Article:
Skip to main content Skip to bottom nav

Recovering From Depression

February 20, 2014

Depression is one of the most difficult illnesses to recover from, because the very nature of depression saps you of your motivation.  When the whole world seems bleak and you're constantly exhausted, taking the necessary steps to get to a better mindset may seem impossible.

People who take the initiative to recover are incredibly strong.  Recovery can be a long road that requires a lot of continued strength and patience, but the end results are incredibly rewarding.  Even if you're in the throes of depression that seems never-ending, you have the potential to live a healthy and safe and rewarding life.

One of the most important aspects of recovery is external support.  It's easy to lose sight of your goals, and to lose faith in your own recovery.  This is where the help of others comes in.  The best thing to do is to find a professional to speak to, but if you don't have access to medical care, there are other places you can turn.  Trusted friends and family members are the next best option.  Internet support groups abound, and of course there's our own website if you ever need someone to listen.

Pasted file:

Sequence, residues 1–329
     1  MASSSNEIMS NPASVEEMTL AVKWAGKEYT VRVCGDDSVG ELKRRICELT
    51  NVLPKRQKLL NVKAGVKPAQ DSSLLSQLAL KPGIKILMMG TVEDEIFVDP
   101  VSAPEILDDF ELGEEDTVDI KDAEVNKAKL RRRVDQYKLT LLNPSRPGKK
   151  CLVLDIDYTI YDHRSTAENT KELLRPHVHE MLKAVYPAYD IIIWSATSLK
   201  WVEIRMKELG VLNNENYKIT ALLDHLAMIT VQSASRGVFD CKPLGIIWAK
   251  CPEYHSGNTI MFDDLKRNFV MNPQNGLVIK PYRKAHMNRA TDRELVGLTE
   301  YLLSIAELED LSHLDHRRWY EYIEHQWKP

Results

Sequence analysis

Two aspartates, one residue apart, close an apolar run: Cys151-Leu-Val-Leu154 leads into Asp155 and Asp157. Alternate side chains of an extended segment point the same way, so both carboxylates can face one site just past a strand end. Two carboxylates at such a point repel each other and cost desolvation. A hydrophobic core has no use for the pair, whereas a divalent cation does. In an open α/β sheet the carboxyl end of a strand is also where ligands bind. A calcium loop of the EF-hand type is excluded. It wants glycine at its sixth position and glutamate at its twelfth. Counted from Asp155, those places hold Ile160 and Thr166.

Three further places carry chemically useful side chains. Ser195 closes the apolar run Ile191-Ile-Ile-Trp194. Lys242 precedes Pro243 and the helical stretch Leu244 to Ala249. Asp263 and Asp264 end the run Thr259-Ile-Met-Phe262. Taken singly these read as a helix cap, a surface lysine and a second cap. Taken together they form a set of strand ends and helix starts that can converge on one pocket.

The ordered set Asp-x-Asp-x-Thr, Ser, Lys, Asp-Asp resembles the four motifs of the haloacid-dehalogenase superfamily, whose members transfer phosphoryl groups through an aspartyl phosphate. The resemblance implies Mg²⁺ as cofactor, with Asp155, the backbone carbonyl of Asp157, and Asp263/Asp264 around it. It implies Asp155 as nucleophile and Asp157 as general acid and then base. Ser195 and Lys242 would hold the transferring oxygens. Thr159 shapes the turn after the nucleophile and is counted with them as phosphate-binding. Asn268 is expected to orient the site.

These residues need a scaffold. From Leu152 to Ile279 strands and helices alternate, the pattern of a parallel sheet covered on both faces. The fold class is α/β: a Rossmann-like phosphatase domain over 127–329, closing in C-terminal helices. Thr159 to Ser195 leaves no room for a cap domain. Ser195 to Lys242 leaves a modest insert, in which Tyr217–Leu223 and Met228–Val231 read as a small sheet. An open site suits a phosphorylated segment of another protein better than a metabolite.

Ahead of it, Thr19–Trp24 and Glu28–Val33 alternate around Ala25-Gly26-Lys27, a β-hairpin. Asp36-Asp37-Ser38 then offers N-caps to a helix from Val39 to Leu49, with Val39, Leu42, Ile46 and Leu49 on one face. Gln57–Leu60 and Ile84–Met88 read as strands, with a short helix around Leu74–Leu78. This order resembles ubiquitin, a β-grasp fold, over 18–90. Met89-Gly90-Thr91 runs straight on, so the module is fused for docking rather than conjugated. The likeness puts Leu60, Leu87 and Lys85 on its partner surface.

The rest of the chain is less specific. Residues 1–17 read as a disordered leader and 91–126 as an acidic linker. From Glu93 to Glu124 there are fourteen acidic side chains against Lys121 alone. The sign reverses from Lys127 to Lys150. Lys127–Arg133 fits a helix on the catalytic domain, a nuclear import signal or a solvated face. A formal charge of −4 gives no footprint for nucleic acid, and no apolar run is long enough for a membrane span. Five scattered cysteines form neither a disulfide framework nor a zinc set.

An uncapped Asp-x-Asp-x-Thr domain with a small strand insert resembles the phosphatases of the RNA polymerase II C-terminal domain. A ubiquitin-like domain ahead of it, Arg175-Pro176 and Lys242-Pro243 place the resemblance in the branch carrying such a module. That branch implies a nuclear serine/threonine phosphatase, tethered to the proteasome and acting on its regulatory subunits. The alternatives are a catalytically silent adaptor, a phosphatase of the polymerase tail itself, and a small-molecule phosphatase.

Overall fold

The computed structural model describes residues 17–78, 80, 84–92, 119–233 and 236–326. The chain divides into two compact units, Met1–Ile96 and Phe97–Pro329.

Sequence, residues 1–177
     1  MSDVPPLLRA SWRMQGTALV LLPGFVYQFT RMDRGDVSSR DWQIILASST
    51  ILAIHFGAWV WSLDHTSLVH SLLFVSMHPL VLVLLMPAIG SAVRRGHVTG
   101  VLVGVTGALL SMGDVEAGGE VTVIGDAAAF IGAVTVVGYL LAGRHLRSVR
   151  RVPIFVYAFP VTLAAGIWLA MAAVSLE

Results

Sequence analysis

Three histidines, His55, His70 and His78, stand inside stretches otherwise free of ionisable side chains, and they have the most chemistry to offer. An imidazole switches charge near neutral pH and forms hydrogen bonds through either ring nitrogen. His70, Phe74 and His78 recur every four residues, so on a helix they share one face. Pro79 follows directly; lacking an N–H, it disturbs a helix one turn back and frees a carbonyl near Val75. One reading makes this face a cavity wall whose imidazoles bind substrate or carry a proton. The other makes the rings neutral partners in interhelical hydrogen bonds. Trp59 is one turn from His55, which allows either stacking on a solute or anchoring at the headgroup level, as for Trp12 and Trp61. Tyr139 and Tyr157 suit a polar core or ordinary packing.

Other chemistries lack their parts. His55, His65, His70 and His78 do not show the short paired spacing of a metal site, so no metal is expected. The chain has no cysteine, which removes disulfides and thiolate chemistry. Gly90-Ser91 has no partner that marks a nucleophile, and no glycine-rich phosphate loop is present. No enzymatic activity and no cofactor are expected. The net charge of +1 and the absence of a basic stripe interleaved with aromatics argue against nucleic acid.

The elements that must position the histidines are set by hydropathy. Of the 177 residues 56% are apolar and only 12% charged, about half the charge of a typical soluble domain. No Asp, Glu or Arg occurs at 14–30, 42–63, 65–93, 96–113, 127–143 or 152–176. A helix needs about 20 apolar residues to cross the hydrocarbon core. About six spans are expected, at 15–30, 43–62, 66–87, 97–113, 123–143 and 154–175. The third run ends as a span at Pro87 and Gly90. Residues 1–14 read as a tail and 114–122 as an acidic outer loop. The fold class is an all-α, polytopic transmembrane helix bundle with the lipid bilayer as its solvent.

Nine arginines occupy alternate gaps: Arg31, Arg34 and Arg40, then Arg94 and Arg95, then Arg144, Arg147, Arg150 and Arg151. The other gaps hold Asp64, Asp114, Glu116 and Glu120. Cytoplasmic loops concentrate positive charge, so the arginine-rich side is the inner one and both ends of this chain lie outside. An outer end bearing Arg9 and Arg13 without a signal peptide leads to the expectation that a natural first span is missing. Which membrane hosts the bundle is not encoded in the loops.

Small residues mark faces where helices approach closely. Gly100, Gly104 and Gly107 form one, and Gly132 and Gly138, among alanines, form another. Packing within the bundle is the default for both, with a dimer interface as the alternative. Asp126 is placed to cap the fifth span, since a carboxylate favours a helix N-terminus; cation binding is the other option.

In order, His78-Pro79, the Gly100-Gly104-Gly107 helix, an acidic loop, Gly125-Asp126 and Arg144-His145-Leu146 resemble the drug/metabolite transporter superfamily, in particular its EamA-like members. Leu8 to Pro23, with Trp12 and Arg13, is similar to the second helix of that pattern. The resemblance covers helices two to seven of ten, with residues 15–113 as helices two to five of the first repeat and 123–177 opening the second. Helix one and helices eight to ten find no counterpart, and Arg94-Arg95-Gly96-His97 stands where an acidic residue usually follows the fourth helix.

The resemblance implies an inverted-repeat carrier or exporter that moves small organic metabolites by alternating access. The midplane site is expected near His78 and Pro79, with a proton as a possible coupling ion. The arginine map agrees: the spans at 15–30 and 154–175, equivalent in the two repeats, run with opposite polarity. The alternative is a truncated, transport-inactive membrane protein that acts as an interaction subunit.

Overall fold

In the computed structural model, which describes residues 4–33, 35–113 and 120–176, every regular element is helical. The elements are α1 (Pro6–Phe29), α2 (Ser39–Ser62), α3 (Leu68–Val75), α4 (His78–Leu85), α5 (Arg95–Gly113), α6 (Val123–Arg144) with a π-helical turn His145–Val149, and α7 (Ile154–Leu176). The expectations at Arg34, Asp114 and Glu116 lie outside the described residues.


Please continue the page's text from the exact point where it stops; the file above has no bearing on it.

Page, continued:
Creating a support network - reaching out and being able to say, "I'm having a tough time today, I need your care" - is essential.  You don't have to struggle with depression alone, and you don't have to recover alone.  There are people who are willing to help, whether they're people close to you or strangers on the web.  Though it may not seem so at times, humanity has a great capacity for compassion.  You are not alone.

When first recovering, the key is to start small.  Simple daily goals, such as eating three meals or taking a shower, are the best place to begin.  You don't immediately have to move mountains.  When you're mastered the simplest goals, you can move on to bigger ones.

By, Katie MacEachern

7 Cups of Tea Listener: KittyKat